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Does Stress Make You Sick? The Stress-Health Connection

Shannon Harvey
I was surprised this week to come across a paper in a medical journal which investigated the possibility that stress causes autoimmune disease. As regular readers and viewers of my film will know, I’ve been banging on about this for years.

Thirteen years ago I was diagnosed with lupus, an autoimmune disease that means my immune system attacks my own body. In recent years my doctor has changed the diagnosis to Sjogren’s disease, but whatever you call it, there’s no doubt that when I’m going through periods of unmanaged high-stress, I experience crippling fatigue and agonising arthritic pain throughout my body.

Until now, the medical conversation around diseases like mine has focussed on how symptoms are aggravated by stress rather than how the disease itself could be caused by stress. But the study I found this week signals a change. It was the first ever longitudinal study examining whether trauma exposure and post-traumatic stress disorder (PTSD) are associated with increased risk of lupus.

Over a 24-year period, researchers tracked the records of almost 55,000 women in the US and found that PTSD was associated with a nearly threefold increase in risk of subsequently developing lupus. The researchers said their data supported the now “growing evidence that psychosocial trauma and associated stress responses may lead to autoimmune disease.”

So, after reading the study I enthusiastically sat down to write this week’s blog about the mounting case that chronic stress is one of the causes of chronic disease. I was going to write about the work of Sheldon Cohen and his classic studies which showed that stressed-out people who are exposed to the flu virus are more likely to get sick than their not-so-stressed compatriots. Then I was going to highlight how scientists are starting to explore the finer mechanisms to explain this link; how some think for example that over time your immune cells start to become insensitive to the regulatory effect of the stress hormone cortisol. Essentially, the brakes on your stress response get worn through and a runaway train of inflammation can promote the development diseases.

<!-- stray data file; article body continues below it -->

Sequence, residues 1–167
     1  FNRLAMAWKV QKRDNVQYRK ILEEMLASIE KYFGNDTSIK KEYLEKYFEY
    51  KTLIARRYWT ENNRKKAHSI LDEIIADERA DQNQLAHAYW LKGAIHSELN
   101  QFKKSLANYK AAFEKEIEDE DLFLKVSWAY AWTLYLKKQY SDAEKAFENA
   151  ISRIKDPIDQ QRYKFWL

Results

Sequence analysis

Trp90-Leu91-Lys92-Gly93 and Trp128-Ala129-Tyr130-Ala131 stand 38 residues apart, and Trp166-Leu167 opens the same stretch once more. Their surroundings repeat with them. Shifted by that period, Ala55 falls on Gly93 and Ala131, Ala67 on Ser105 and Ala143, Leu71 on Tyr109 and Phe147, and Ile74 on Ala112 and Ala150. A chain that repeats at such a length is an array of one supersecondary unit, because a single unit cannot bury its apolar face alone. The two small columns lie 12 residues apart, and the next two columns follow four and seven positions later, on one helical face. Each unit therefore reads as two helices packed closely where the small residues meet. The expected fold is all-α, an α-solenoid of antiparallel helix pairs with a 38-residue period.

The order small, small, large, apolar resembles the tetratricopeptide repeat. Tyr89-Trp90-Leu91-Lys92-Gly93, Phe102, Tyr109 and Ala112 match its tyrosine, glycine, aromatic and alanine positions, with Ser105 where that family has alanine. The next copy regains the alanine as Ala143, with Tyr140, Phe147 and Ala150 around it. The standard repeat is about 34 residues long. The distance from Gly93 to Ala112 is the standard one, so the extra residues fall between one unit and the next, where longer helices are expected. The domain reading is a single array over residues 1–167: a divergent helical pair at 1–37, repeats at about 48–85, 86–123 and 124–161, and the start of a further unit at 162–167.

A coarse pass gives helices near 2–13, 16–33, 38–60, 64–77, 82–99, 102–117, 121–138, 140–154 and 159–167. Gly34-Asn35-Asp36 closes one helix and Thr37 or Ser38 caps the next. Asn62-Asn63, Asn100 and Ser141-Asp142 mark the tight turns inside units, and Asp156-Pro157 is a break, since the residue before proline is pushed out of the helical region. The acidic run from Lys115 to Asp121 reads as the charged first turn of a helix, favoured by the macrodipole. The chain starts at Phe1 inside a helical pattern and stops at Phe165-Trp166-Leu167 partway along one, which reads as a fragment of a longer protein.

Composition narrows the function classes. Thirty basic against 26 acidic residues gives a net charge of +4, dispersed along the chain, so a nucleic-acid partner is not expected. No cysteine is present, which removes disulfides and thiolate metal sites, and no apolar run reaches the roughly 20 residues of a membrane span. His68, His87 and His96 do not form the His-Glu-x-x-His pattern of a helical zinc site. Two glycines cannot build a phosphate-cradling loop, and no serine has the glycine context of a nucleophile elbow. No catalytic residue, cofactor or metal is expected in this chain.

All this was to build my argument that we need to shift the conversation from stress as being a symptom-driver and start talking about stress as being a disease-cause. But, as any good journalist should, I also began to write a caveat because although there are many studies linking stress to a whole host of difference chronic diseases, this isn’t true all the time, such as in this recent study which showed neither acute nor chronic stress influenced the likelihood that a woman with a strong family history of breast cancer would develop the disease.

It was at that point in my case-building process that I realised why my doctors have always been hesitant to blame my disease on stress. A divorced woman’s eczema flares, a bereaved man suffers a heart attack, a student develops tummy troubles at exam time. In our minds these circumstances are connected and can all be explained away by “stress.” But when you put real-life under the microscope, the connection isn’t so straight forward. Sure eczema is associated with stress, but air pollutants and cosmetic ingredients are also a trigger. It’s true that more heart attacks occur on a Monday at the start of a stressful work week, but it’s also true that people with heart disease also tend to eat a Standard American Diet (known as “SAD”) which is high in refined grains, added sugars, trans-fats and processed meats. Indeed, my own autoimmune disease has a long list of known triggers including crystalline silica, cigarette smoking, and use of oral contraceptives.

So with all that said, I can understand why doctors and other health specialists are hesitant to say that stress causes disease.

As I write these words I’m symptom free and don’t require medication for my illness. But my point is this – as I wrote in my recent piece When Old Habits Die Hard: The Science Of Being Healthy, when I’m stressed-out and time-poor, I eat junk, I sleep badly and I stop exercising. My self-control goes offline and I forget about my healthy goals and start relying on preprogrammed habits, which often aren’t the good ones.

Whether or not the chronic stress I was experiencing all those years ago when I first got sick was the cause of my disease is not (and may never be) clear. But when it comes to my health today, there’s one thing I know for sure – learning to manage my chronic stress was the crucial first step I needed to take in learning to manage my chronic illness and that’s the conversation that needs to be had between patients and their doctors from day one.

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